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    1. [IN-WEST-CENTRAL] Edward E. Moody obit
    2. Lena Harper
    3. Edward E. MOODY EDWARD E. MOODY DEAD SUCCUMED TO HEART TROUBLE AT 9:40 SUNDAY NIGHT. Grew From Boy to Man in Frankfort Where His Friends Were Numerous- The Funeral Arrangements. Edward E. Moody, the popular and well known East Washington street horseshoer, died at his home, 659 Catterlin street, Sunday night at 9:40 o’clock. Mr. Moody had been bedfast since a week ago Saturday, being first attacked by pneumonia. Saturday morning it was thought the ravages of that disease had been checked, but shortly afterwards a fatal heart trouble set in and the end was speedily hastened. The funeral was held from the residence Wednesday morning at 9:30 o’clock conducted by Rev. H. G. Ogden, with interment at Bunnell cemetery. Deceased was the oldest son of Mr. and Mrs. Foster M. Moody and was born at Waveland, Montgomery county, June 13, 1868. His parents moved to this city in the seventies while he was yet a mere lad, and from that time to this Frankfort had been his home. He attended the city schools and when old enough to choose a vocation, entered his father’s shop as an apprentice and developed into an expert workman, finally acquiring a partnership in the business and at the time of his last sickness was in full control. June 19, 1893, he was married to Miss Minnie Campbell, who with their little daughter, Fern, survive to share a great sorrow and an irreparable loss. Mrs. Moody has a double bereavement having been called upon during her husband’s illness to bury their youngest child, an infant five weeks old. Besides those of his own household there are surviving his parents, Mr. and Mrs. F. M. Moody, and one brother, Charles Moody. Deceased was a Past Chancellor of Shield Lodge No. 71, Knights of Pythias, a member of Frankfort Lodge No. 560, Benevolent and Protective Order of Elks and of the National Association of Master Horseshoers. He was originally a Forrester, in which order he carried $1000 life insurance, but became in active. He had a policy in the K. of P. Endownment Rank for $2000 and was also insured in the Columbia Relief Association, though for what amount is not known. Ed Moody was a young man well liked by all who knew him. He was a slave to industry and a peer among the men of his craft. He was a companionable young man, “a fellow of infinite jest,” and was never more happy than when cracking jokes with his friends to the music of the hammer and anvil. Many of the companions of his mature years were his playmates in childhood- his comrades to the close of his brief career. None will more sincerely mourn his death than those with whom he touched shoulders through the years that complete the epoch of his life. He was an enthusiastic lodge man and nearly as it is possible for one to do fulfilled the obligations of the households of fraternity to which he was admitted. Source: Frankfort Banner, Saturday, December 6, 1902, page 1 Contributed by: Lena Harper Added: 2 Oct 2011 Lodges and Friends Pay Last Tribute of Respect The funeral of Edward E. Moody was held Wednesday at 9:30 o’clock from the family residence on North Catterlin street and was attended by the Elks, Knights of Pythias and many of the deceased’s friends. In the floral orderings as well as the evidences of mourning hearts the popularity of Ed Moody was strongly revealed. The services were conducted by Revs. Ogden and Reece, the music being furnished by a male quartette consisting of Will A. Tull, Frank McKown, Harry Merrill and Guy Swan. The beautiful ritualistic work of the two secret societies was performed, the Elks holding their service at the house and the Knights at the grave. Nat Lockwood, Ward Martin, Nate Fritch, Chas. Cox, Walter Weikle and Dr. R. N. Doyal acted as pall bearers and Charles Spitznagle, Will Clark, Henry Sleeth, Bert Hardy and Booker Alexander as tribute bearers. The floral offerings were profuse and beautiful. Designs were sent by the Elks, Knights of Pythias and the blacksmiths, the latter being a large horseshoe, strikingly typical of Mr. Moody’s profession and a fitting tribute from his fellow craftsmen. There were besides a large number of bouquets from neighbors and friends. Source: Frankfort Banner, Saturday, December 6, 1902, page 1 Contributed by: Lena Harper Added: 2 Oct 2011 Card of Thanks We desire to express our sincere thanks to the friends and fraternal organizations for their deeds of kindness and expressions of sympathy during the illness and after the death of our husband and son. Mrs. E. E. Moody, Mr. and Mrs. F. M. Moody. Source: Frankfort Banner, Saturday, December 6, 1902, page 4 Contributed by: Lena Harper Added: 2 Oct 2011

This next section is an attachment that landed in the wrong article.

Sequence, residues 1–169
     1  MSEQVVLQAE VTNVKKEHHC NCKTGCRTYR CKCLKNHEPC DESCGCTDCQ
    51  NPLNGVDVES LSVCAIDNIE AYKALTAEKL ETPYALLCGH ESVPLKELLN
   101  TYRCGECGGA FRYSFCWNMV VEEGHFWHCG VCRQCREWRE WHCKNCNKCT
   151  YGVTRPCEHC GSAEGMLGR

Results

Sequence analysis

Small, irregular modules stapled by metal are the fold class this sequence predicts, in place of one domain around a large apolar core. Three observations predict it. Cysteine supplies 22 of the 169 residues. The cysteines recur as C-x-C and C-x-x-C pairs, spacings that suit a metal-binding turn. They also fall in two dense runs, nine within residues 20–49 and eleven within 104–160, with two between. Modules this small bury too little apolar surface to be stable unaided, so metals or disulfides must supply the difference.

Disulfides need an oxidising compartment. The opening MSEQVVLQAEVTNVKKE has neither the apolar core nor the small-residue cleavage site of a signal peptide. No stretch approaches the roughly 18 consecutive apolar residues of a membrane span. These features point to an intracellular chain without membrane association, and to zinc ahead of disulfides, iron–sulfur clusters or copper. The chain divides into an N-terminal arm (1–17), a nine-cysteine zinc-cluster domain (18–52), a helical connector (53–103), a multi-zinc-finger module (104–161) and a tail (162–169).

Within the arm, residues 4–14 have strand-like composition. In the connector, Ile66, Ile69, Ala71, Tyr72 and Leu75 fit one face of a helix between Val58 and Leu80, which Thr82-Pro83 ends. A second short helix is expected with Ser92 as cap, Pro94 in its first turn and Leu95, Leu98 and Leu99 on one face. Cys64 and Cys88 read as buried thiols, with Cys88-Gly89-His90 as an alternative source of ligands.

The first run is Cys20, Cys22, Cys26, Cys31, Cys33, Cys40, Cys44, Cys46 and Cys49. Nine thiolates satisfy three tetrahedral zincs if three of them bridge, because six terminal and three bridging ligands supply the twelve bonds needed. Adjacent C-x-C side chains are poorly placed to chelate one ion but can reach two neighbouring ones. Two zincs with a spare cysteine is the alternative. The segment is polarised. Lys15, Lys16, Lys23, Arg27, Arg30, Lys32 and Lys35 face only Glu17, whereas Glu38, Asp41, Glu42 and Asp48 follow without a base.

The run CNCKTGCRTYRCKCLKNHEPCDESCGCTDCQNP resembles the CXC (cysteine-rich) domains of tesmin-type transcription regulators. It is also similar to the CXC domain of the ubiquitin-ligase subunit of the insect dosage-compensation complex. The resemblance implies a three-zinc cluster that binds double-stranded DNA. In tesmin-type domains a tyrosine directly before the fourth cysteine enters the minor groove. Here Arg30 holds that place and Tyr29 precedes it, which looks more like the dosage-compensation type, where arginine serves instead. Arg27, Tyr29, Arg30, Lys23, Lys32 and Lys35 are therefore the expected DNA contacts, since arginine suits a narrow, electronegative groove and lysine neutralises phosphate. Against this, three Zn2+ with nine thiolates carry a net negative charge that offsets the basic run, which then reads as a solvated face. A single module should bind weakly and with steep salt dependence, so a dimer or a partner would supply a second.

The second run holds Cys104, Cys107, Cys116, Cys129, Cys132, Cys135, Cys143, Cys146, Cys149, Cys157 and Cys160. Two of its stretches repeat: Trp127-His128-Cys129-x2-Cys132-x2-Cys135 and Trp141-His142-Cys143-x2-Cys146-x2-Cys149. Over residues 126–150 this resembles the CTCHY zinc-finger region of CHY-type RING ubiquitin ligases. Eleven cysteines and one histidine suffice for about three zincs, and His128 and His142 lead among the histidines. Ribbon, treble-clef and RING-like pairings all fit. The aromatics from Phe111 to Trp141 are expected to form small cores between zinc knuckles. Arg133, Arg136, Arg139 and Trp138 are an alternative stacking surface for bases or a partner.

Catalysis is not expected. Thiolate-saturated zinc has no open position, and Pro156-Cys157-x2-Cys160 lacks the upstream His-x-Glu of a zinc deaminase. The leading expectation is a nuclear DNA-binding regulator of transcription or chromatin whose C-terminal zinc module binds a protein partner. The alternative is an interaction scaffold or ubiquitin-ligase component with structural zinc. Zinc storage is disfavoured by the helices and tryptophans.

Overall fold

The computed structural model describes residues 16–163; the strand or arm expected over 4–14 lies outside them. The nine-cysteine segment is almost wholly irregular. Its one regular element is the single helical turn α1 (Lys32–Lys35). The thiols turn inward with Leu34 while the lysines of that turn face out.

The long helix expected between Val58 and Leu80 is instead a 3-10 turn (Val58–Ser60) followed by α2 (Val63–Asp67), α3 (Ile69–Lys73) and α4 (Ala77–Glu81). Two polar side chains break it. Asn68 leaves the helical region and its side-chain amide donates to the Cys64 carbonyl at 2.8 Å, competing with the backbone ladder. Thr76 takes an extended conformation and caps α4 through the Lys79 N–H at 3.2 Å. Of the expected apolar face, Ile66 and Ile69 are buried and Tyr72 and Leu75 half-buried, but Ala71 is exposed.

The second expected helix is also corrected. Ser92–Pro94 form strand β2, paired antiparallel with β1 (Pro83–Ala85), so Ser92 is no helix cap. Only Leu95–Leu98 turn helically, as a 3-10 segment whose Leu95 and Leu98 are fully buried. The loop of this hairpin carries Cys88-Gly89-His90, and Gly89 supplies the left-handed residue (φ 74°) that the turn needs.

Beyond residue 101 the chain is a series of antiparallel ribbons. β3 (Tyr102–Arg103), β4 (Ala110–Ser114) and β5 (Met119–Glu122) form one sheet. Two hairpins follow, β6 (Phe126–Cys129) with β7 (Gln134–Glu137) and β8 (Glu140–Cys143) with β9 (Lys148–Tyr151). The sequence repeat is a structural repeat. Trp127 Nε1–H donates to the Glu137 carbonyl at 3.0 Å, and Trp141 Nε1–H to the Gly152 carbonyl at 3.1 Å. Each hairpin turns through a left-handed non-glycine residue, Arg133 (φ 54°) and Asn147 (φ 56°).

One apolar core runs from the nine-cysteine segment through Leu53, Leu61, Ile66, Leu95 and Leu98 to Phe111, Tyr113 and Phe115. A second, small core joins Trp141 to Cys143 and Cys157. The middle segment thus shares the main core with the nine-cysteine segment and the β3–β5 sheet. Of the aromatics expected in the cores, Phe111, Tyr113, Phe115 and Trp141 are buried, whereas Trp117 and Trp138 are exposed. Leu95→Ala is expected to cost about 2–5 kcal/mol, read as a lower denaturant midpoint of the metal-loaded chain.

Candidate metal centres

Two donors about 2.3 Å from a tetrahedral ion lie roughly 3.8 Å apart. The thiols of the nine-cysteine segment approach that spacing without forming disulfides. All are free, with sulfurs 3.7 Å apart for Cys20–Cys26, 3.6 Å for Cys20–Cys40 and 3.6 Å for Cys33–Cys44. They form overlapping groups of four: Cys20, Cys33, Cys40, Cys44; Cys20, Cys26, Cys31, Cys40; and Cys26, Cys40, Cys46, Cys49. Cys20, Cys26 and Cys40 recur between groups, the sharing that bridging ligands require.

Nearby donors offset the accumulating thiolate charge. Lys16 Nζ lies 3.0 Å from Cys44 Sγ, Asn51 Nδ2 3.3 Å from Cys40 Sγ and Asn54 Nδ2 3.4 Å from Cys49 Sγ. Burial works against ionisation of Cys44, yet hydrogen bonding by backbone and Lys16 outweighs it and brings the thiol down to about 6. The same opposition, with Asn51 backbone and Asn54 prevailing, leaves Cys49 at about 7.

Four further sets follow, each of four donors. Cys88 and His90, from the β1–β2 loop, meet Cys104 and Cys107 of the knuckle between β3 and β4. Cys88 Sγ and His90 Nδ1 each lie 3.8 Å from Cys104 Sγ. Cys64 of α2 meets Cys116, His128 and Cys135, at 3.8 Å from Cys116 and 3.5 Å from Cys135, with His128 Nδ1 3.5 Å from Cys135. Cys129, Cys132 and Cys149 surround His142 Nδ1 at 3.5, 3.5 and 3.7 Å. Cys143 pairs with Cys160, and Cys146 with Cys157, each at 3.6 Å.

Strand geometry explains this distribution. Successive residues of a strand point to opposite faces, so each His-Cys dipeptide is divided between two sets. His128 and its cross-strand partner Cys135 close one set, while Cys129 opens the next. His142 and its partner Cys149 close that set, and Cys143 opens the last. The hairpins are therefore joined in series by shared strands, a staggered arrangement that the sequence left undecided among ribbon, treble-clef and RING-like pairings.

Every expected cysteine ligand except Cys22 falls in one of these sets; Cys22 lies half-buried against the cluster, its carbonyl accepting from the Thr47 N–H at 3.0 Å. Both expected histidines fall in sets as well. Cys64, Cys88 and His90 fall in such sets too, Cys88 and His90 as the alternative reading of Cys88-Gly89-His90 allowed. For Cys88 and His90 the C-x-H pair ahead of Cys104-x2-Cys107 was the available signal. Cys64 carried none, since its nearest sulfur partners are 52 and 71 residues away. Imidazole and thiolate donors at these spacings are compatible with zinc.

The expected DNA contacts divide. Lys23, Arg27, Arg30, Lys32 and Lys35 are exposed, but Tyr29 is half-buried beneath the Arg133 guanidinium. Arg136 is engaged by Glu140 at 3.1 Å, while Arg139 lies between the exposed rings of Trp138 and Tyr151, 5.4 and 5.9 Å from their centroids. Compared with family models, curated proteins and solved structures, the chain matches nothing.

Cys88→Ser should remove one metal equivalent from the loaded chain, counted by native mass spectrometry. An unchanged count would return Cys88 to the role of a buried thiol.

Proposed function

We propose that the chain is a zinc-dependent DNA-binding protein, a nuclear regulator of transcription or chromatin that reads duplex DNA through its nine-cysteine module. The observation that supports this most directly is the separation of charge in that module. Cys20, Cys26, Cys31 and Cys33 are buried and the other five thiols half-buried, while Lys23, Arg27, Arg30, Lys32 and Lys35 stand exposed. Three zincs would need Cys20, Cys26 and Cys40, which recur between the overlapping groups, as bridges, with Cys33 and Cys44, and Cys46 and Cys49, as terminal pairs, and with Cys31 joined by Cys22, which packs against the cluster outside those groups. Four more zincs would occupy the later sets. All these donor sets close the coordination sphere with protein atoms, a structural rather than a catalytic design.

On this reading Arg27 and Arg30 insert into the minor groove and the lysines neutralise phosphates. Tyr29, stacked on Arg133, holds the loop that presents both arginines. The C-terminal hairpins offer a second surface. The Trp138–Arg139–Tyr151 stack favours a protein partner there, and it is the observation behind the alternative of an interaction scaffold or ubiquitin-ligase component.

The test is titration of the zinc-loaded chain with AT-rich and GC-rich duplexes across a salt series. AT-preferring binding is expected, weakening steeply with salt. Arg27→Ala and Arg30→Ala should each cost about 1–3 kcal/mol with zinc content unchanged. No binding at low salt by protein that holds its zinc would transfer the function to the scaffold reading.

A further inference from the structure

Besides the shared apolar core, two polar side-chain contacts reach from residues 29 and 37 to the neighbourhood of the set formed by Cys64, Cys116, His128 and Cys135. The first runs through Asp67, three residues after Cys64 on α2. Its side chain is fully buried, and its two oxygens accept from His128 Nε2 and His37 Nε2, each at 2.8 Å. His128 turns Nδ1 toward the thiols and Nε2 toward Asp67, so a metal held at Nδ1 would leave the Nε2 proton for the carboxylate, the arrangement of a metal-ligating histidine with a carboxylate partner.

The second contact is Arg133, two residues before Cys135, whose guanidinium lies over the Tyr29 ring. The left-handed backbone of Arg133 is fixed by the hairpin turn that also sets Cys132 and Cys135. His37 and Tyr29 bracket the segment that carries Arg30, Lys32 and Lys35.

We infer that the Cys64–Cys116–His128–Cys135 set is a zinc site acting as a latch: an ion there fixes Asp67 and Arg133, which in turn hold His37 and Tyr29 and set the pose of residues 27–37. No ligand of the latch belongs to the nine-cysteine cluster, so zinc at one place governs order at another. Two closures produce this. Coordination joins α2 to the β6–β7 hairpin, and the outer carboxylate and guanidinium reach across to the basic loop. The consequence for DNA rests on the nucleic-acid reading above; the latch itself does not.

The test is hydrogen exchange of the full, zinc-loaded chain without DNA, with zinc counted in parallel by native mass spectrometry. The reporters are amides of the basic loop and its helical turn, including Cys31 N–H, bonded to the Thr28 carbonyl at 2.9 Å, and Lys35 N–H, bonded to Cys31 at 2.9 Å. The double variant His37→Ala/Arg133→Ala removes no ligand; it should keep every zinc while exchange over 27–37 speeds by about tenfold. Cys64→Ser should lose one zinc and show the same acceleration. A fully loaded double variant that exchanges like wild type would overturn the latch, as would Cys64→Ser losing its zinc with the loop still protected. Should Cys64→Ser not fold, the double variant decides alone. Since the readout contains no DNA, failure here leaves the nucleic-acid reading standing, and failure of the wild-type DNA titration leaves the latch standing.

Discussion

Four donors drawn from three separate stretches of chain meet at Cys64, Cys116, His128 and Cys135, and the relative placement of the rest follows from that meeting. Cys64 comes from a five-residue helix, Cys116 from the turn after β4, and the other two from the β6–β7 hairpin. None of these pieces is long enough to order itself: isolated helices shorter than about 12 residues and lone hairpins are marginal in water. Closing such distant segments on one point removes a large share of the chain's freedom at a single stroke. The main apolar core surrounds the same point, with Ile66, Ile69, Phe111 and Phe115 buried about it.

10/02/2011 11:40:21